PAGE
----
2018 Kia Stinger is $95 Cheaper Than 2017 Kia Cadenza

Timothy Cain
by Timothy Cain
2018 kia stinger is 95 cheaper than 2017 kia cadenza

Let’s face it. Most American car buyers in 2017 don’t actually want cars. You know, the traditional passenger car. Most car buyers who actually want cars don’t want full-size sedans built by mainstream sedans. And among the few car buyers who actually want full-size volume brand sedans, the overwhelming majority — 99 percent, in fact — do not want a Kia Cadenza.

The U.S. market is about to get a lot more difficult for the Kia Cadenza, which is currently priced from $32,890. Admittedly more powerful than the forthcoming 2018 Kia Stinger, the Kia Cadenza is a nearly five-year-old front-wheel-drive luxury barge in a semi-attractive Kia body.

The 2018 Kia Stinger, on the other hand, is a flashy new cut-price sports sedan hatch, a model deserving of some anticipation that’s priced from $32,795, or ninety-five dollars less costly than the chronically unpopular Kia Cadenza.

Of course, comparing the Kia Stinger and its twin-turbocharged V6-engined Stinger GT sibling with the Cadenza is not what Kia wants consumers to do. The 2018 Kia Stinger will cost thousands less than supposed competitors such as the Audi A5 Sportback and BMW 4 Series Gran Coupe. By the time the Stinger reaches the $40K tipping point — or $39,895 to be precise — it’s already equipped with a 365-horsepower twin turbo 3.3-liter V6. The A5 Sportback starts at $43,575; the 430i Gran Coupe at $44,095.

Imagining legions of German-intended luxury car buyers making a switch to the Kia requires an enormous leap, but that explains Kia’s significant price advantage. It remains to be seen how much of that advantage is wiped away by more rapidly degrading resale values. Fortunately, Kia’s not entering the market with a half-hearted effort.

On the basic $32,795 Stinger, Car And Driver reports, standard equipment includes leather seating, a seven-inch infotainment unit with Android Auto and Apple CarPlay, dual-zone automatic climate control, and the eight-speed automatic transmission that’s married to each of the Stinger’s engines across the board. A Stinger Premium trim pushes the price up to $37,895, Jalopnik says, by adding a sunroof, LED lighting, a special gauge cluster, and a larger touchscreen with navigation. All-wheel drive is a $2,200 option on these and other Stinger GT models.

The Stinger GT is offered in three different forms: GT, GT1, and the aptly named GT2 variant. All GT models receive the hood vents that appear to be trying too hard to convince us, Pontiac-like, of performance. To the basic $39,895 GT, which is equipped like the basic non-GT Stinger, the $44,395 GT1 adds the Stinger Premium’s content.

The top-spec Stinger GT2, $50,395 with rear-wheel drive or $52,595 with all-wheel drive, includes standard safety kit like automatic emergency braking, adaptive cruise, lane keeping assist, and auto high beams (available elsewhere in the range) plus a limited-slip differential, a power trunk, and head-up display.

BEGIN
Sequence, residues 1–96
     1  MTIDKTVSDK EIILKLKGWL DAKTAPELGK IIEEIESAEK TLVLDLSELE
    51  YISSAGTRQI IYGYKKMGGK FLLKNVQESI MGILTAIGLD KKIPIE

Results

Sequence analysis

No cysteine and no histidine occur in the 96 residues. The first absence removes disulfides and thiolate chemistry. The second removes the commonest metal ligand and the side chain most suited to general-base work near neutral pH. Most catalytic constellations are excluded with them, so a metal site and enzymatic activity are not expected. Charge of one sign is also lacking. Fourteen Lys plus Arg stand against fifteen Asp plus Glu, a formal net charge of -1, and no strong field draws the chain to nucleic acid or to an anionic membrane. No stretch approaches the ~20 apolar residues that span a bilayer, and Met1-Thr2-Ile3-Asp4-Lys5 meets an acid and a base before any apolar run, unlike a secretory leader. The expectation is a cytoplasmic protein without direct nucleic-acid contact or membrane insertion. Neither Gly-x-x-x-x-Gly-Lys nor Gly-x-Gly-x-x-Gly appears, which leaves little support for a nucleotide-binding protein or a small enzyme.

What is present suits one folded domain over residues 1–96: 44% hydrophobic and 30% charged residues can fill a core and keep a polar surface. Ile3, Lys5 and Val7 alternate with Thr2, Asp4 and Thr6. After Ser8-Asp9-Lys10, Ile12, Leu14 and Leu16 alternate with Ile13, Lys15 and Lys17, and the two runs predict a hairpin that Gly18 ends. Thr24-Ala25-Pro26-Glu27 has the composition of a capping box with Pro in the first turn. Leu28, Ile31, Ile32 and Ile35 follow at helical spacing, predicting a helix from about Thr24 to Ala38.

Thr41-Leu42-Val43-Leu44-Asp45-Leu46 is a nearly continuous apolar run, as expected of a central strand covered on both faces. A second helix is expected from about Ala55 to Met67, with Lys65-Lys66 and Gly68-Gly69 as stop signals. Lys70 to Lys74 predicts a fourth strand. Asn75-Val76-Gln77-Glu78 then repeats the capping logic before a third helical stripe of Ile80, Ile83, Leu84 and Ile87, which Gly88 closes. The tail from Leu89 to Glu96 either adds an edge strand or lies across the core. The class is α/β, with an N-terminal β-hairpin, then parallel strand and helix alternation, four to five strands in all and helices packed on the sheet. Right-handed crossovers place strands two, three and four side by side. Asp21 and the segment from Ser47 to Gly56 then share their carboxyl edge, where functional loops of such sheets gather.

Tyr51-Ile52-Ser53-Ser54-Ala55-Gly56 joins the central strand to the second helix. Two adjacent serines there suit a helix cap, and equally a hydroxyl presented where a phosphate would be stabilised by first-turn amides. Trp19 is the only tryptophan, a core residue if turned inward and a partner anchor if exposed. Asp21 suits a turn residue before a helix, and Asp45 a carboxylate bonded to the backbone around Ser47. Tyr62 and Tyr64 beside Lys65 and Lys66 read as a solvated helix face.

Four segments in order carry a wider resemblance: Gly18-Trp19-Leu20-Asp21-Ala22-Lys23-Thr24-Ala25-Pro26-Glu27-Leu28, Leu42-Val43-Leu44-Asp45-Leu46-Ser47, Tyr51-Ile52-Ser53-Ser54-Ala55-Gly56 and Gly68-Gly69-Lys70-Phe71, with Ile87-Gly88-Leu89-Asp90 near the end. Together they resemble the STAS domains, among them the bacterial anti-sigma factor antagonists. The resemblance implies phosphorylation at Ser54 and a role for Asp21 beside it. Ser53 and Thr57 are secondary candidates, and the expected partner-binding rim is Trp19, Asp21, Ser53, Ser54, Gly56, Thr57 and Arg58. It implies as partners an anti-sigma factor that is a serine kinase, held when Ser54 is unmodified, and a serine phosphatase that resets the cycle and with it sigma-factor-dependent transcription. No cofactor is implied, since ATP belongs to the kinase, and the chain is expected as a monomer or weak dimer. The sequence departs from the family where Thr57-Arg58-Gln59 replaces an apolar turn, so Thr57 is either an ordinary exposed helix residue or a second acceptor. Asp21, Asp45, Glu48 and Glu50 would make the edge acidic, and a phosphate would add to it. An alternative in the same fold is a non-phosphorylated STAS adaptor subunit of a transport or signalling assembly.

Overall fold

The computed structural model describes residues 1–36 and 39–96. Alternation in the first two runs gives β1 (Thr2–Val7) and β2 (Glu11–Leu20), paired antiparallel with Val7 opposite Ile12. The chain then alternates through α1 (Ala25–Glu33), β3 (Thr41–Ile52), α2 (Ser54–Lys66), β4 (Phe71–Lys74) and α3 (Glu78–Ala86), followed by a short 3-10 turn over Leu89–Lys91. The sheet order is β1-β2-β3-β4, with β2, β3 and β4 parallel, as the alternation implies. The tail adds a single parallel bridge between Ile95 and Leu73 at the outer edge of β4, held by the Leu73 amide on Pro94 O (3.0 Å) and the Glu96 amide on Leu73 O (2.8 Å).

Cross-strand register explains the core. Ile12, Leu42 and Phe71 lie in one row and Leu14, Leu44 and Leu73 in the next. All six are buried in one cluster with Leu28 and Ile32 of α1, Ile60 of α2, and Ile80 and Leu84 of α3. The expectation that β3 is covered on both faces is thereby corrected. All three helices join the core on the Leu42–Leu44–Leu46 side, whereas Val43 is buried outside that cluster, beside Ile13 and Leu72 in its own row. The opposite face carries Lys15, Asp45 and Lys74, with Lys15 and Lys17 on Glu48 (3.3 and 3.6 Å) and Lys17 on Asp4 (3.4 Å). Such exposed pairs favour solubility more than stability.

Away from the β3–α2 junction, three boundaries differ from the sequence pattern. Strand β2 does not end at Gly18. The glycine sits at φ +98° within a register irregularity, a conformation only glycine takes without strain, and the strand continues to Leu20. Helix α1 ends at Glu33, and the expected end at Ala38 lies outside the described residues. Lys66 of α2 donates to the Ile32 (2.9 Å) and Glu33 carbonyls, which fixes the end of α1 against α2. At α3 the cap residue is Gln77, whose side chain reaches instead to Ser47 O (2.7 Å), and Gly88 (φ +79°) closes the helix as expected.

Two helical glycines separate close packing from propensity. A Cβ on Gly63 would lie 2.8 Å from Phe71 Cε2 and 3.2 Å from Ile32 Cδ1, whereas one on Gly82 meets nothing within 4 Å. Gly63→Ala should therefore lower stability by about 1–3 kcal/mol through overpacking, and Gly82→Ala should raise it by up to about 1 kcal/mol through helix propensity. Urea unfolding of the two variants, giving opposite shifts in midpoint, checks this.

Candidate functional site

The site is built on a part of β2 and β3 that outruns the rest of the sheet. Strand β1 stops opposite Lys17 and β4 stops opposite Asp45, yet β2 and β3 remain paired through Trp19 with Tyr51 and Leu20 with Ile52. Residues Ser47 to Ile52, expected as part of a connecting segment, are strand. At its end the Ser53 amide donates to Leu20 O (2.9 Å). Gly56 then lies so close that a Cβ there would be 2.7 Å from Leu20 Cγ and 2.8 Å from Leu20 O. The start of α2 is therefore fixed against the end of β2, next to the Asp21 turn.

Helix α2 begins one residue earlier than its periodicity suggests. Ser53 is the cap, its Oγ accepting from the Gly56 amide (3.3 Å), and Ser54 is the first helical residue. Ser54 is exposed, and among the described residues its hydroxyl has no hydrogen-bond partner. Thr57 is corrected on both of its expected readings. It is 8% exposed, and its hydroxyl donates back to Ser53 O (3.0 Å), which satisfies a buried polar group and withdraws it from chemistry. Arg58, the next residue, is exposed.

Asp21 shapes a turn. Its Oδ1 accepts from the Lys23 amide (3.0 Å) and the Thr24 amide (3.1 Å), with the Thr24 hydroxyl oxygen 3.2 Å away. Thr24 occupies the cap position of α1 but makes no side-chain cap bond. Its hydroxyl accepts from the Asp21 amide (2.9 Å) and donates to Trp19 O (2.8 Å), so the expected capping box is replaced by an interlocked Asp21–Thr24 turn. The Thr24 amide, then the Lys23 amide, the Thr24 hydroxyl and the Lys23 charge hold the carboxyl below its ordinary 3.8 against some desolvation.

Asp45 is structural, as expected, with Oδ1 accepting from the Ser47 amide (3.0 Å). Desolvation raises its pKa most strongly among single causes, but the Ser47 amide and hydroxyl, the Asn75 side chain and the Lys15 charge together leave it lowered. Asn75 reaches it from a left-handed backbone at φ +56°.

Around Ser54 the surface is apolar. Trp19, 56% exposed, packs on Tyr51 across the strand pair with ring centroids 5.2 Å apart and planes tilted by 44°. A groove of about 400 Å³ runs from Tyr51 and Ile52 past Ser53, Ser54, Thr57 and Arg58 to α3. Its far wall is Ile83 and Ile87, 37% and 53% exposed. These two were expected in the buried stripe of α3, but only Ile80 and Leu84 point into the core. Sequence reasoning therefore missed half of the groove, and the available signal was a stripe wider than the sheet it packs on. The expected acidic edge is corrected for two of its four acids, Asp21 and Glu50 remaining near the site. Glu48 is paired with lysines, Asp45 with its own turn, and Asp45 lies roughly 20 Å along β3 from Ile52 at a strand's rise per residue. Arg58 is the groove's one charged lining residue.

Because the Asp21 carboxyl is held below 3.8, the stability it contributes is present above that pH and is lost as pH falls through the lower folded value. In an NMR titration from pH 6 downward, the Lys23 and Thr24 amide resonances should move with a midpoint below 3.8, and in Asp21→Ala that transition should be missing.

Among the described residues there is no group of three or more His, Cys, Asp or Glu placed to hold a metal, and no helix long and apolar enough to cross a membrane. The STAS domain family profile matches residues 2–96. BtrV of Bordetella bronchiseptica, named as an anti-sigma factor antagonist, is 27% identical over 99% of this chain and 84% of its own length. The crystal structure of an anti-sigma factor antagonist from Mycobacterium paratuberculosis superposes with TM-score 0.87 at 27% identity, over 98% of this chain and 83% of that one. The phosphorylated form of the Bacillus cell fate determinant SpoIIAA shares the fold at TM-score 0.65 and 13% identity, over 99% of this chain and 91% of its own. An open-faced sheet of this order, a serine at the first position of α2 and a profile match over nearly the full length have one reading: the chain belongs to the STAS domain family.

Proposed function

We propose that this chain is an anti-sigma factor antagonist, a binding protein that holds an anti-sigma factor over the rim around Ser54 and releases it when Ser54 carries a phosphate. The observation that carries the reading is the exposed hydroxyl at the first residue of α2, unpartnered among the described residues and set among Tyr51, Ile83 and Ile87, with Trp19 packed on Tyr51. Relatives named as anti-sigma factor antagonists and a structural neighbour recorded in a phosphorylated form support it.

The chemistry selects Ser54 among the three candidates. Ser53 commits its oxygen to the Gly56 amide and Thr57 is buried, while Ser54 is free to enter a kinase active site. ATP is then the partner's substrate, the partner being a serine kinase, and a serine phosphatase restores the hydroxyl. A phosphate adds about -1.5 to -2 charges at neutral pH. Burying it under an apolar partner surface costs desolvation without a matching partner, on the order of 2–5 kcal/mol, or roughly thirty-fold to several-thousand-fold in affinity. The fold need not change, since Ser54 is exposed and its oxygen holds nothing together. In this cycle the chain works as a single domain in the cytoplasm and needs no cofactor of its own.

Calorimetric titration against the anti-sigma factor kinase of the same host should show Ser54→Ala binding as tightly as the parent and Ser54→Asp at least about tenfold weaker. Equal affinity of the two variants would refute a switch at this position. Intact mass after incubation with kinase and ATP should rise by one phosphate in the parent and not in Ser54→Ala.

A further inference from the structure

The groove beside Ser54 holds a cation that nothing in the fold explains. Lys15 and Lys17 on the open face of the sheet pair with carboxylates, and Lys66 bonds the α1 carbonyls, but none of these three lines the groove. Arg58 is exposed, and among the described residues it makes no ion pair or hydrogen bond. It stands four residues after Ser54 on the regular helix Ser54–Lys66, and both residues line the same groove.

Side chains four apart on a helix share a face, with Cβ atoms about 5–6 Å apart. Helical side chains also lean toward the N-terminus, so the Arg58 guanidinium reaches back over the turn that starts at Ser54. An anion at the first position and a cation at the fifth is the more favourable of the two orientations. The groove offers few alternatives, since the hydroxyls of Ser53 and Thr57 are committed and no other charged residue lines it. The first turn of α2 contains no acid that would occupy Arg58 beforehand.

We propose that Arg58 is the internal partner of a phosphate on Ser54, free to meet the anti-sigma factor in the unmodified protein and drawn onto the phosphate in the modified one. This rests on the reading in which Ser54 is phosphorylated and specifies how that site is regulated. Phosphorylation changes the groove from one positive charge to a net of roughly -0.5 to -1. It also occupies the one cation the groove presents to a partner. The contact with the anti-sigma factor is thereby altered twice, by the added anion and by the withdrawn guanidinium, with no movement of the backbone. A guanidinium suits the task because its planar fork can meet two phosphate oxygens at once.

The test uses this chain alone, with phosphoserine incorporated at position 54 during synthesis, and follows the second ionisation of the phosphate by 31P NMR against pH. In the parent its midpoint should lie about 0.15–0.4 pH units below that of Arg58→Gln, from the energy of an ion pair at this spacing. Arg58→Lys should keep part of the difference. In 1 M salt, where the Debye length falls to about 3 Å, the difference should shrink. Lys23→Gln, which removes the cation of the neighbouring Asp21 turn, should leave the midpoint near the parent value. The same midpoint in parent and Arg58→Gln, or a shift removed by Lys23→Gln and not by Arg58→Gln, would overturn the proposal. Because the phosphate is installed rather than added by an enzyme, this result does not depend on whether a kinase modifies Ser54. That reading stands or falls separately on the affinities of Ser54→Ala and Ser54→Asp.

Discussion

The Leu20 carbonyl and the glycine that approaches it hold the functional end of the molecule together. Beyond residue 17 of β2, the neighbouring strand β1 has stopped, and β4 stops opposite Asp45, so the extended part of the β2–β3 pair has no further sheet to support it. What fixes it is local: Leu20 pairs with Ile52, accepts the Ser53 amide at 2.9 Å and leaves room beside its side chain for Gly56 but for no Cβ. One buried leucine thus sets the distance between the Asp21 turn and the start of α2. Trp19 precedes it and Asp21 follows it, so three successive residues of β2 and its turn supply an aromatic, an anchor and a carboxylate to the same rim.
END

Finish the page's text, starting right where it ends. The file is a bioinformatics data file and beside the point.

Kia’s pricing isn’t yet set firmly in stone for the 2018 Stinger, but don’t expect any meaningful changes. The fact that the Stinger undercuts the Cadenza does it no favors — this latest Kia must fight the same battle that the Kia K900 and Cadenza have so far failed to win. “But it’s a Kia,” will be the common refrain, no matter how pleasant it is to look at, no matter how great it is to drive. For goodness’ sake, that’s essentially what the boss of Kia’s Genesis corporate partner already said.

Securing the sales of each and every sports sedan buyer that manages to see past the badge is vital, and by pricing the Stinger appropriately, Kia stands a chance.

[Images: Kia Motors]

Timothy Cain is a contributing analyst at The Truth About Cars and Autofocus.ca and the founder and former editor of GoodCarBadCar.net. Follow on Twitter @timcaincars and Instagram.

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  • 2012JKU 2012JKU on Sep 29, 2017

    $50k? No thanks....rather buy one 18 months old with under 20k on the on the clock for just under $30k.

  • Abayaa Abayaa on Sep 30, 2017

    Brand New I would take a q50 over the Kia without even thinking, and I'm a fan of Kia in general. They are definitely smoking something or they don't really intend on selling much.

  • Kat Laneaux Wonder if they will be able to be hacked into (the license plates) and then you get pulled over for invalid license plates or better yet, someone steal your car and transpose numbers to show that they are the owners. Just a food for thought.
  • Tassos Government cheese for millionaires, while idiot Joe biden adds trillions to the debt.What a country (IT ONCE WAS!)
  • Tassos screw the fat cat incompetents. Let them rot. No deal.
  • MaintenanceCosts I think if there's one thing we can be sure of given Toyota's recent decisions it's that the strongest version of the next Camry will be a hybrid. Sadly, the buttery V6 is toast.A Camry with the Highlander/Sienna PSD powertrain would be basically competitive in the sedan market, with the slow death of V6 and big-turbo options. But for whatever reason it seems like that powertrain is capacity challenged. Not sure why, as there's nothing exotic in it.A Camry with the Hybrid Max powertrain would be bonkers, easily the fastest thing in segment. It would likewise be easy to build; again, there's nothing exotic in the Hybrid Max powertrain. (And Hybrid Max products don't seem to be all that constrained, so far.)
  • Analoggrotto The readers of TTAC deserve better than a bunch of Kia shills posing as journalists.